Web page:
Constanta was left to die in the midst of a war when a handsome and dangerous stranger finds her. He turns her into something powerful and beautiful. She becomes a bride to her undying king. Constanta revels in her newfound power until Dracula draws in other brides. They all become entangled in his web of deceit and passion. She begins to realize that her husband is hiding dark secrets that he could use to destroy her. With the help of her fellow consorts, Constanta must find a way to escape from the deeply forged bonds of her unholy marriage.
I certainly enjoyed this novel. Constanta as a narrator is surprisingly human and vulnerable, despite her being a vampire. The novel does not lean so much into the lore as it does focus on the relationships between Dracula and his brides. I personally appreciated that aspect as it helped make the novel all that more immersive. With that being said, this is a book I only recommend to mature readers as there are graphic scenes of both violence and sex. They were very well written, though. It was an enjoyable and rather empowering read. If you are looking for something that is equal parts dark and sexy, then I would recommend giving A Dowry of Blood a read.
Hello everyone! I was finally able to knock a book off my TBR list! As much as I don’t like isolation or quarantine or whatever you want to call it, it gives me a good excuse to lock myself in my room and read to my heart’s content. This book is also one that has been on my radar for quite some time now. It was one of those books I picked up, read the description, and thought “This is right up my alley.” Now let’s talk about Ninth House (not The Ninth House).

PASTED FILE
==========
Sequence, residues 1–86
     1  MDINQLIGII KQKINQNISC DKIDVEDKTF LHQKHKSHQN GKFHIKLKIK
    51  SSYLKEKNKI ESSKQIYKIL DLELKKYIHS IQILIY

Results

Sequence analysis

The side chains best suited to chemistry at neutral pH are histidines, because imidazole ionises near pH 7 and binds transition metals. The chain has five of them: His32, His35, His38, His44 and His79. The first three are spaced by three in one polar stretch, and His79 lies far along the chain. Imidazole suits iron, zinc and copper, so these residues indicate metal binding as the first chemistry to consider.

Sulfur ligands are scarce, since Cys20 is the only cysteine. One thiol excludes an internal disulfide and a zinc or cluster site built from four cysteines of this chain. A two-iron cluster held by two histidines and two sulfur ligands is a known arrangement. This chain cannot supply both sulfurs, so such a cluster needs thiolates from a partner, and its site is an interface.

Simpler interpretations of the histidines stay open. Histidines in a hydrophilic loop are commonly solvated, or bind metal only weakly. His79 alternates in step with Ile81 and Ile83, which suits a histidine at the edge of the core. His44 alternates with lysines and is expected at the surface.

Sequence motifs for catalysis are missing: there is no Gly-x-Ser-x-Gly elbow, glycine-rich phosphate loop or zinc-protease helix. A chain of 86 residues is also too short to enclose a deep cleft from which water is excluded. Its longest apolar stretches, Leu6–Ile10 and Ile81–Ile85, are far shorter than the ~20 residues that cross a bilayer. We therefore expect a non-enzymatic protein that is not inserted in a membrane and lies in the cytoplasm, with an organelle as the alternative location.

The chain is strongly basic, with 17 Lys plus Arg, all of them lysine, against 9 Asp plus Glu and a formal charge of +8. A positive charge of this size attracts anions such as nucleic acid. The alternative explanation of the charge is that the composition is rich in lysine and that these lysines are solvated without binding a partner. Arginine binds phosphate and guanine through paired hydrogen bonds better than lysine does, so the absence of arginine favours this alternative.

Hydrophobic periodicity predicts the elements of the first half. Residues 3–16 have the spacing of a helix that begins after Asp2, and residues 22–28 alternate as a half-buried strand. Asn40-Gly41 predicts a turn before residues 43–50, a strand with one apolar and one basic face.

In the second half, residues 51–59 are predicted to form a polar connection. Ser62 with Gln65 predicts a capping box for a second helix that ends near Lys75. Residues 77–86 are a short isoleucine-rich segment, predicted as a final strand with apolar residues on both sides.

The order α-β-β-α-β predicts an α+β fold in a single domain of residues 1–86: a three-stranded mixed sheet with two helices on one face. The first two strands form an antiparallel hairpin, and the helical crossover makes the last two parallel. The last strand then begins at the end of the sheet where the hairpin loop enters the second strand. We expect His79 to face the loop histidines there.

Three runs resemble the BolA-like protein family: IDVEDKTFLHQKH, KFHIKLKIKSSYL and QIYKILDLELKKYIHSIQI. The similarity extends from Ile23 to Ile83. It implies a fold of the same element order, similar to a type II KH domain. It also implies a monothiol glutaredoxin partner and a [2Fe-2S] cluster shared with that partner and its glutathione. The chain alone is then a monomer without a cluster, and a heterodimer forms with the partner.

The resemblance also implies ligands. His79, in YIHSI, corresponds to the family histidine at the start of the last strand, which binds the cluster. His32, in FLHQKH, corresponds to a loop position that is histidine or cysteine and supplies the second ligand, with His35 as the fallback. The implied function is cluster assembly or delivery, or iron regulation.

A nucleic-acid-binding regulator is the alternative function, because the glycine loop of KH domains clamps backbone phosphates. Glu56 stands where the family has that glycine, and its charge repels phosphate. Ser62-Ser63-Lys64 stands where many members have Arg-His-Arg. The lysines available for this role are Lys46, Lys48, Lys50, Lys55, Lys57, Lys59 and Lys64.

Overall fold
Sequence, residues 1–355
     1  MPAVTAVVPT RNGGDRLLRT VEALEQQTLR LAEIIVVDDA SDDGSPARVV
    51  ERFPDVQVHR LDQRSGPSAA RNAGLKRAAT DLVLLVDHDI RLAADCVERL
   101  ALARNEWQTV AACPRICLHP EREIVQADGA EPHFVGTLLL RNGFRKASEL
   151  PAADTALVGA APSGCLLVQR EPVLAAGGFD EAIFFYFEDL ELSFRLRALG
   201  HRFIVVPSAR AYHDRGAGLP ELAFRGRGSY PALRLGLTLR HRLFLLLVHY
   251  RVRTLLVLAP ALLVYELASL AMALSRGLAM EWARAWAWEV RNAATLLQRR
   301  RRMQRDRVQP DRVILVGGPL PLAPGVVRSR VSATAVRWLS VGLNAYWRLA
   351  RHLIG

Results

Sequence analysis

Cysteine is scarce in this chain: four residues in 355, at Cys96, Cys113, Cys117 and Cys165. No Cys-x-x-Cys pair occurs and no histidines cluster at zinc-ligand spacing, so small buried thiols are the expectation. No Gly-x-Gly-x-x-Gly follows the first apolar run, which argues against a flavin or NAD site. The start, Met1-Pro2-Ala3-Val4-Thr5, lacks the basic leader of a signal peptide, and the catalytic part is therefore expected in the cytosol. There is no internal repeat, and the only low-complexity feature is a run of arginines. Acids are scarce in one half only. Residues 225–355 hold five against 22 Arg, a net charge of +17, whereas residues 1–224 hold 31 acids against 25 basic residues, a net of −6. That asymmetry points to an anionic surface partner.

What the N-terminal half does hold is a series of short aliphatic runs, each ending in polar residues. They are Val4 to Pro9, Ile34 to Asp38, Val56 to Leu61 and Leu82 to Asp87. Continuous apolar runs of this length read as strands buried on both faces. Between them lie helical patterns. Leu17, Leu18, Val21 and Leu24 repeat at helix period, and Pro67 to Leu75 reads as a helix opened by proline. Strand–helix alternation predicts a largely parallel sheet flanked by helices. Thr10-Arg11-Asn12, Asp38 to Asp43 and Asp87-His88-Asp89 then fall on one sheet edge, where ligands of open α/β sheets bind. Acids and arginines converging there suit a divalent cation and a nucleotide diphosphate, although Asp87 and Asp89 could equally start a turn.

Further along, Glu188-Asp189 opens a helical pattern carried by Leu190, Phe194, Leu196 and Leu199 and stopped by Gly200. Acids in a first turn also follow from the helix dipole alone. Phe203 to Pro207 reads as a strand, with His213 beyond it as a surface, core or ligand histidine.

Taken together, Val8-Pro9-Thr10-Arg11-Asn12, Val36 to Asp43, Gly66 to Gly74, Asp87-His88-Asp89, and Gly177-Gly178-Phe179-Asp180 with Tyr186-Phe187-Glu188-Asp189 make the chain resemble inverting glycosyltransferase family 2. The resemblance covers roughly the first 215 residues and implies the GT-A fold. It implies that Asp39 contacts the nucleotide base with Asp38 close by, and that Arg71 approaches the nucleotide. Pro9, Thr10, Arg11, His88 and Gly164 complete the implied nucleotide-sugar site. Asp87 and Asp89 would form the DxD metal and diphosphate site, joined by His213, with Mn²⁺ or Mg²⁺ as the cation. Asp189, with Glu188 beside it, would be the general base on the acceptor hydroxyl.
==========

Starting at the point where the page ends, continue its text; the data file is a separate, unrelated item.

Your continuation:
Galaxy “Alex” Stern is a survivor. After finding herself in the worst of circumstances, including being the sole survivor a multiple homicide, she is given the chance to join Yale’s freshman class, but this new opportunity comes at a price. Alex is paired up with the charming but arrogant Darlington who is tasked with guiding her through Yale’s secret societies. These societies thrive on magic and are home to many powerful figures. When a girl is murdered and Darlington goes missing, Alex must delve deep into the Eight Houses where she learns of the forbidden magic they use that brings back the dead and preys on the living.
Lately, I have had a fascination with the dark academia genre of novels and Ninth House is a perfect fit for the category. I thoroughly enjoyed the combination of mystery and magic, all wrapped up in the politics of higher education. The main character, Alex, initially annoyed me but she becomes more sympathetic and charming, while still maintaining a deadly presence about her. I enjoyed the way that Bardugo set up her magical world with clear rules among the sensory rich and disturbing acts of magic. This book wasn’t too graphic or gory but did have just enough to make the stakes higher. Overall, I did enjoy this novel and would recommend it, whether you enjoy dark academia or not. (Note: I have not read any of Leigh Bardugo’s books so I can’t make a fair comparison there but let me know if they are worth checking out. I have plenty of time.)
Warning to readers: This novel does contain scenes of sexual assault and violence.